1990s (Part One): Redwall, by Brian Jacques - I had a difficult and confusing childhood. I was a bookish and imaginative child with too much in my memory that could colour my imagination in unpleasant shades and too much time for it to happen in, having cleared out the interesting bits of the school and both municipal libraries. Out of desperation, I turned to a book in the school library I hadn't noticed before. It was about talking animals battling each other. It swallowed me whole, gave me a place to escape to; a life raft at a time when I felt like I was drowning. For many years afterwards, long after I should have really outgrown such childish books, I still turned to Redwall when things got too much.

1990s (Part Two): Legend, by David Gemmell - While the Redwall novels gave me somewhere to escape from the world, I was still me while I was reading them. I really didn't like me very much back then, so I tried to be someone I wasn't. I got into fights, lots of fights; started stealing things, not in a cry-for-help way but in a make-a-quick-profit way; learned the pleasures of intoxication and went a little bit mental with it, drugs, booze, glue, lighter fluid, the gas at the bottom of aerosols and so on. A lot of teenage girls love a bad boy, so I wasn't shy about taking advantage of that and using girls in an emotionally manipulative way that turns my adult stomach* when I look back at it. In short, Public Me was the kind of dickhead who would give Secret Me a kicking for being a weird little nerd.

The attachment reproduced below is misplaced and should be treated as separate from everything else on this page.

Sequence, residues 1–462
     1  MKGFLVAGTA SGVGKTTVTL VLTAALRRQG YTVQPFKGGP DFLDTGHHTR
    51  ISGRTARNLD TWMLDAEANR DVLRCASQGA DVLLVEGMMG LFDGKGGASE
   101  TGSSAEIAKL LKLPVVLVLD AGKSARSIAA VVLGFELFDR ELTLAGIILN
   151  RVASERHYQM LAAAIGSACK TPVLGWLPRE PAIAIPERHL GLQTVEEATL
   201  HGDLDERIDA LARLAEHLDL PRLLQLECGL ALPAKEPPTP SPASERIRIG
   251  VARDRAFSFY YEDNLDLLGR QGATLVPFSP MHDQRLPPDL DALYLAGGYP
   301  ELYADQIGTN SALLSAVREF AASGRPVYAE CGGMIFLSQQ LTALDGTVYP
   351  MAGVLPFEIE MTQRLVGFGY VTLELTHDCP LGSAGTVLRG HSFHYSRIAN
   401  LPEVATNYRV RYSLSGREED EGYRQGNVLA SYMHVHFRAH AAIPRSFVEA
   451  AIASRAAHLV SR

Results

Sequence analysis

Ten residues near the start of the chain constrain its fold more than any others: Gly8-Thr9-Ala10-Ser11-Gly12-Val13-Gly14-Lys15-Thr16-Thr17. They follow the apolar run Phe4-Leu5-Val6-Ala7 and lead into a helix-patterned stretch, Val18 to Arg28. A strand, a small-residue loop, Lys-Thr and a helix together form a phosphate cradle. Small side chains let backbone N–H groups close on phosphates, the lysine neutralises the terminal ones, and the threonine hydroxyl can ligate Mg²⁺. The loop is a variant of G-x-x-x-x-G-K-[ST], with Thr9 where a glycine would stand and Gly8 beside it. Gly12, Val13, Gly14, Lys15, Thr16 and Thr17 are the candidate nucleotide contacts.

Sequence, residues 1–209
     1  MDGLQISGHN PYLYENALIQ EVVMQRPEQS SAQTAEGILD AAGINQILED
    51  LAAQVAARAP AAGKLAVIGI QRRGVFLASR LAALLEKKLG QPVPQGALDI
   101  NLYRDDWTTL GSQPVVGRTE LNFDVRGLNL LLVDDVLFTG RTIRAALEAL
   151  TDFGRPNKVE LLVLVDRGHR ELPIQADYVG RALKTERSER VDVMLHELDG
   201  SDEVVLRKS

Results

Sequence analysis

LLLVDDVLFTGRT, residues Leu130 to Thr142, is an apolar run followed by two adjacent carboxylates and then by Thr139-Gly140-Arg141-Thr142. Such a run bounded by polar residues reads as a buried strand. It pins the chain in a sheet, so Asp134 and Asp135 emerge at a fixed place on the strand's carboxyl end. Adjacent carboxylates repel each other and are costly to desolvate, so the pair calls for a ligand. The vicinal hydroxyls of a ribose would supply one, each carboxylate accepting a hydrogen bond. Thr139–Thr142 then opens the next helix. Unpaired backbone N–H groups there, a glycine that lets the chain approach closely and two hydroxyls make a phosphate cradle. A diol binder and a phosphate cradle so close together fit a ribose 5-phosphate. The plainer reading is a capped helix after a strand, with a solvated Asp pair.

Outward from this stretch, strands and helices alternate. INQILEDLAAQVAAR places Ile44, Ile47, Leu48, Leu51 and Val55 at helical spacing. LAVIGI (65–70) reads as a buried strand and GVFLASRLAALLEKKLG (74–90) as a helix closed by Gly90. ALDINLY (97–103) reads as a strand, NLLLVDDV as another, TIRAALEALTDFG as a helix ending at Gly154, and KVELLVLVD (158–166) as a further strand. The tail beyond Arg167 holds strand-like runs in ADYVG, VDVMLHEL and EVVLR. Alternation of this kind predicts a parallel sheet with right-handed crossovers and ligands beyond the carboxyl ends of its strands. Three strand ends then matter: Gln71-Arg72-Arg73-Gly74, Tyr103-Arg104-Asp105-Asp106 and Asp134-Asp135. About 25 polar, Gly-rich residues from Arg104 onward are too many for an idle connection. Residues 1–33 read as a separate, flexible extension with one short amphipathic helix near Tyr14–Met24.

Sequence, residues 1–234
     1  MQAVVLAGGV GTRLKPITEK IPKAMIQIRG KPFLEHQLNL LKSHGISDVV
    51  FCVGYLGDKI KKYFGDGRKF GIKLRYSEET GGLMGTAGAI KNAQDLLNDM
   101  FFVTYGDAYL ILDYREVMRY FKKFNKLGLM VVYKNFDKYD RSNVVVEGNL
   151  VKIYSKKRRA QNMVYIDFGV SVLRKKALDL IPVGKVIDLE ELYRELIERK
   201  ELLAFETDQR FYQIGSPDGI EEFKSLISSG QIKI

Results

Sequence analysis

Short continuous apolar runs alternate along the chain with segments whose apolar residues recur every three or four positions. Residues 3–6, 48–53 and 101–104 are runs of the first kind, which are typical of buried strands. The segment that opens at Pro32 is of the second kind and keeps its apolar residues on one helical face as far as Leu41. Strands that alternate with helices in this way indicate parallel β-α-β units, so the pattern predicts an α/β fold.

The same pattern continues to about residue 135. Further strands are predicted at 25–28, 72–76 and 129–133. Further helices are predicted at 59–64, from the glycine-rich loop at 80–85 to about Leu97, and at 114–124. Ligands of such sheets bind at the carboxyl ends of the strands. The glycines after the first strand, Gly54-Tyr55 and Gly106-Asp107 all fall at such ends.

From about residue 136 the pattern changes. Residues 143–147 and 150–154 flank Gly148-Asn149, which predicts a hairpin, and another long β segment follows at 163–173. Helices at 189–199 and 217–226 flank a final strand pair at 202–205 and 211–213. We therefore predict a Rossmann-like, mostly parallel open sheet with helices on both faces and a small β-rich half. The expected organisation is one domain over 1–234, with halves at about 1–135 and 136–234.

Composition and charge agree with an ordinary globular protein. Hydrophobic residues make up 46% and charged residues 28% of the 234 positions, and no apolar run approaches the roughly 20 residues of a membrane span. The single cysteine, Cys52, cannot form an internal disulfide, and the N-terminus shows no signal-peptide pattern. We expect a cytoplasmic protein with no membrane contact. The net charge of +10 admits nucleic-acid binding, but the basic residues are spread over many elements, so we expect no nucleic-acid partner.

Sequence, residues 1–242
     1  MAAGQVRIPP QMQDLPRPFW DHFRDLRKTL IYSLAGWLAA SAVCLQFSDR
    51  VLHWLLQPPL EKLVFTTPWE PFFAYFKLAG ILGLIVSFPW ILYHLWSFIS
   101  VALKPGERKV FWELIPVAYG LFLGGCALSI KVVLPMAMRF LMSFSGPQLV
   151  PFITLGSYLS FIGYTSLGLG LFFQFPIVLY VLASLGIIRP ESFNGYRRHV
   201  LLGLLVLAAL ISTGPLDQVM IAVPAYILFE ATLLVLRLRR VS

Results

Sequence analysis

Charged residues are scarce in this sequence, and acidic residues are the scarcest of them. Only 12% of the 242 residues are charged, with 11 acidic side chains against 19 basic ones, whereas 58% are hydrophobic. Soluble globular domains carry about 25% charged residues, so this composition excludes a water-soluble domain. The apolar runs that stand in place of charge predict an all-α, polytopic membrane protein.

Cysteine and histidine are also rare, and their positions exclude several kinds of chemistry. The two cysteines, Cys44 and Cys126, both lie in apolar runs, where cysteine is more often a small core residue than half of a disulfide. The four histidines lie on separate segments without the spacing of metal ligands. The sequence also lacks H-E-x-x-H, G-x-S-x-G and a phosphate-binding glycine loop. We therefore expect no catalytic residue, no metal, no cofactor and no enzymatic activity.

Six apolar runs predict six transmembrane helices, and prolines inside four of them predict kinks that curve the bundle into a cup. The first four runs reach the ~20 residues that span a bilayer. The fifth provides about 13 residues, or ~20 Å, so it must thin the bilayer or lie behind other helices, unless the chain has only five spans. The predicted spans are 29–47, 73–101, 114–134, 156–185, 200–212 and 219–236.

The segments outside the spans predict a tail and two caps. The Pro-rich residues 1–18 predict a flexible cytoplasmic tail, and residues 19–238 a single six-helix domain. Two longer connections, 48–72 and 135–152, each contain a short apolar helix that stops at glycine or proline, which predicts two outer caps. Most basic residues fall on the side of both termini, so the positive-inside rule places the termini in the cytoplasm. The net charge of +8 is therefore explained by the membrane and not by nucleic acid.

As you might imagine, it wasn't working out too well for me. I had problems with misdirected rage, culminating in an assault on a schoolteacher, an arrest, an expulsion from the school system and a life placed firmly on a particular track.

I'd tried Legend once before, when I was about ten or so, and really didn't get it so took it back to the library not just unfinished, but barely started. I'd continued visiting the library in secret over the years since Redwall of course and had run out of SF&F and horror books to read, so decided to give Legend a second chance. For all its faults, and they are many and easy to see - even to a fifteen year old forbidden from taking his exams, it chimed; rang through me like the vibrations of a tuning fork when the right note is played. Druss' determination to die as himself rather than live on as a pale shadow, Rek's journey from cowardice to acceptance of the fear that dominated him and learning to control the berserker side to his nature all had parallels in my own life. Even that embarrassingly clunky scene where Druss 'cures' a rape survivor's traumatic break-induced murderous inclinations with his sheer manliness had a certain... resonance I'm not going to dwell on too much; suffice to say that scene didn't 'cure' me of my rage issues, but it shone a torch on the place to start looking for one.